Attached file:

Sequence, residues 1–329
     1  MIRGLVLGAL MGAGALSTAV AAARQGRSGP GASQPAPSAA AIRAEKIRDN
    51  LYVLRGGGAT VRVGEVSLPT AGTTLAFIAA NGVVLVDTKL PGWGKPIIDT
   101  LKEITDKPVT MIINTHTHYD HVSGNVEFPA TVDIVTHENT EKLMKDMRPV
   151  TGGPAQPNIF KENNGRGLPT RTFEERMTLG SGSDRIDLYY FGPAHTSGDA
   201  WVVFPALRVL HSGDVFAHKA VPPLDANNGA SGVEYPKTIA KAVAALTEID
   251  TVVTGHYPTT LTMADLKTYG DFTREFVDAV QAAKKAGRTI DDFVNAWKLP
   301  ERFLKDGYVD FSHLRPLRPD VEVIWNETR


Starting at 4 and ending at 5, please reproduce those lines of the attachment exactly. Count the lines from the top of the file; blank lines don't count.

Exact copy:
   101  LKEITDKPVT MIINTHTHYD HVSGNVEFPA TVDIVTHENT EKLMKDMRPV
   151  TGGPAQPNIF KENNGRGLPT RTFEERMTLG SGSDRIDLYY FGPAHTSGDA